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Infographics: sharing, previews, & feedack

Thank you so much guys!
Sent for revision.

Have you read the forum guidelines for effective communication already?

My first re-draft changing the text:

Any thoughts that come to mind?

Ali Scarlett has reacted to this post.
Ali Scarlett
Have you read the forum guidelines for effective communication already?

Yeah, I really like it.

Some quick thoughts:

  • There's a lot of information—possibly "too much": I think that the infographic would be more valuable as a supplement to the site's content, simply illustrating the dynamics of what's going on. Then, the rest can be explained in a written form above and/or below the infographic. This infographic feels like it tries to say it all, which can complicate one's understanding of the concept.
  • I love the new definition written below the title: much more encompassing than mine
  • The "give" could be better served simplified: saying that the "give" could be anything dives a little too deep into the "advanced" territory. Keeping the exchanges material (as is already done with a material give—a money bag) and then explaining later how other social exchange manipulations can be done might help prevent new readers from going into mental overload
  • I love how you replaced "blah, blah, blah" in the speech bubble: the "cost me a fortune" was an added element I wasn't expecting that was a nice surprise to read. That one added sentence could be great for raising one's emotional and social intelligence further to keep an eye out for manipulators, even if only slightly.
  • Inconsistencies lead to confusion: in Step 1 you call the manipulator's value a "give". Then, in Step 3, you call it "help". For comprehension, it might be better to keep it as a "give".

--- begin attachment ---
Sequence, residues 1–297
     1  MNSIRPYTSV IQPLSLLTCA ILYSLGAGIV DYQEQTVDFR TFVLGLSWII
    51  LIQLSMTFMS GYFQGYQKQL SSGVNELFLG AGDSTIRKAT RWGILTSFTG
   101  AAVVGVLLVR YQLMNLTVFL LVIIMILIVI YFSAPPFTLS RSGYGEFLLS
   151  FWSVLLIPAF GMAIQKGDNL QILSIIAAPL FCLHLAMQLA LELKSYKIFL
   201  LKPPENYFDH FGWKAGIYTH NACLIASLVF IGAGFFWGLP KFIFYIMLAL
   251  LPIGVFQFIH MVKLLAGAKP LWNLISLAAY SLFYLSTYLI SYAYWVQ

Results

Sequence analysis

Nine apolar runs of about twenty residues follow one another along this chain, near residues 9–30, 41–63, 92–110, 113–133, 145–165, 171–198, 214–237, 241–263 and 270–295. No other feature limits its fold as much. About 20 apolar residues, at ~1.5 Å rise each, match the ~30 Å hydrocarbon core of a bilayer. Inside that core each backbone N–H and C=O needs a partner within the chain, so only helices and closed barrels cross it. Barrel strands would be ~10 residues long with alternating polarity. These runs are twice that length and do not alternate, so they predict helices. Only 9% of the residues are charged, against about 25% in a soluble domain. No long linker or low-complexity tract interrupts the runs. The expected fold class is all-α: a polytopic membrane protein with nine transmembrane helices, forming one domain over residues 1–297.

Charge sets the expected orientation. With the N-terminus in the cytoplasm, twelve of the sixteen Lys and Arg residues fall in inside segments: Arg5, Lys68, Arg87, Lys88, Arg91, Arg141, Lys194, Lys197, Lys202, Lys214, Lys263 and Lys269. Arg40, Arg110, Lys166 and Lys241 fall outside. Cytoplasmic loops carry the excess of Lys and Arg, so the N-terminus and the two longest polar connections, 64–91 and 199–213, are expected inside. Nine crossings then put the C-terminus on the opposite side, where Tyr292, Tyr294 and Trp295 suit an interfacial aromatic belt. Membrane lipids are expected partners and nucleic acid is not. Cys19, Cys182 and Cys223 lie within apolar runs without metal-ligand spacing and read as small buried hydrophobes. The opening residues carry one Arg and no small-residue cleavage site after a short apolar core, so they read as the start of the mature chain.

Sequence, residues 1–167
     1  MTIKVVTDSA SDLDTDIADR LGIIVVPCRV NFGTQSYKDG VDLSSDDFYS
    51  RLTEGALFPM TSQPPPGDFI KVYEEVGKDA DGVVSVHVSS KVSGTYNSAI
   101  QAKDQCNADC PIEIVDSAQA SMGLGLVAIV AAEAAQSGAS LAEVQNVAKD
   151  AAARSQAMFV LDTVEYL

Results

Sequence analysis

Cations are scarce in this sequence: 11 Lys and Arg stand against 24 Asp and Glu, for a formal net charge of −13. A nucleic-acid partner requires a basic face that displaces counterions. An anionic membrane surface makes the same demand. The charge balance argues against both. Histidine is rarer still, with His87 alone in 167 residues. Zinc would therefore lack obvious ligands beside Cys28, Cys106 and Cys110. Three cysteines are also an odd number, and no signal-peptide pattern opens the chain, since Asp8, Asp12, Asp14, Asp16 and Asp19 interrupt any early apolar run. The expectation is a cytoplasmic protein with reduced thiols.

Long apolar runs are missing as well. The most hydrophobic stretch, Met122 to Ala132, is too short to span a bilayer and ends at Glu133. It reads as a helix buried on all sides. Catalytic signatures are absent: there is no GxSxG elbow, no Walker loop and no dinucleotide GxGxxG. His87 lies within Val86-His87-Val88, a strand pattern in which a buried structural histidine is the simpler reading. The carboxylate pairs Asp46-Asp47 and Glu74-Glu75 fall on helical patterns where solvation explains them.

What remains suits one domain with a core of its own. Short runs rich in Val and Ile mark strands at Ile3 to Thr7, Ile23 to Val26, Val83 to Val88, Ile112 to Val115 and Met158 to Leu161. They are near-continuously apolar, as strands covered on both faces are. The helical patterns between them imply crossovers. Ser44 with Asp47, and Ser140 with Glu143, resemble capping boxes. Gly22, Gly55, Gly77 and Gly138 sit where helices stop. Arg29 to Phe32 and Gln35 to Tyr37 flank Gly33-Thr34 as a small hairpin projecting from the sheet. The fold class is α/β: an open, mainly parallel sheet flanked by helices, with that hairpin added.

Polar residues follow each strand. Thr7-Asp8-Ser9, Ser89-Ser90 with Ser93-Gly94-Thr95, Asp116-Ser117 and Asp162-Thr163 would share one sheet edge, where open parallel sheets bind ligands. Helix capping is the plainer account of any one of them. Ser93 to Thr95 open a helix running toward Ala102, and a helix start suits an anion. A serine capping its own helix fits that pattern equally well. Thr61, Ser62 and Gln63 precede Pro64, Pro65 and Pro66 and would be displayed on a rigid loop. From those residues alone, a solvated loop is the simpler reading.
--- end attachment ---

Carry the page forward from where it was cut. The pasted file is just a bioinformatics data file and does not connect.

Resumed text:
• I like the red: unexpected given the color theme of this website. Yet, it made the infographic more eye-popping which made it more engaging to read for me.

For comprehension, small details might make a big difference here

I think that in Step 2—where the credit inflating happens—they should not be in the middle of the exchange.

Better, might be if in Steps 1 and 2 the manipulator is still holding the bag, the victim is undecided (the victim's arms are at his sides), and the manipulator is using credit-inflating to sell the victim on this "great" value. That way:

  • There's less confusion as to why the victim isn't questioning holding a bag that clearly just got bigger (= a bit odd that the victim's arms are open, ready to receive the bag in Step 1 and then, when the bag grows twice as big, he continues to reach for the bag with that same wide smile on his face—seemingly without a care in the world. In the end, it helps illustrate the consequences of being a naïve social marketer quite well, but doesn't illustrate the dynamics of credit-inflating in an exchange as well, which is the ultimate goal of this infographic)
  • The difference in the size of the bag would be naturally better emphasized and highlighted (= and, that's because along with the addition of a speech bubble, the bag's size would be the only thing that would change between Steps 1 and 2)

A few other thoughts here as well, I'll try to get them out in another post when I have more time later.

Lucio Buffalmano has reacted to this post.
Lucio Buffalmano

Thank you so much, Ali!!

Will try to implement at least some of the new round of feedback -not as easy since now I accepted the delivery and all changes are up to me :)-.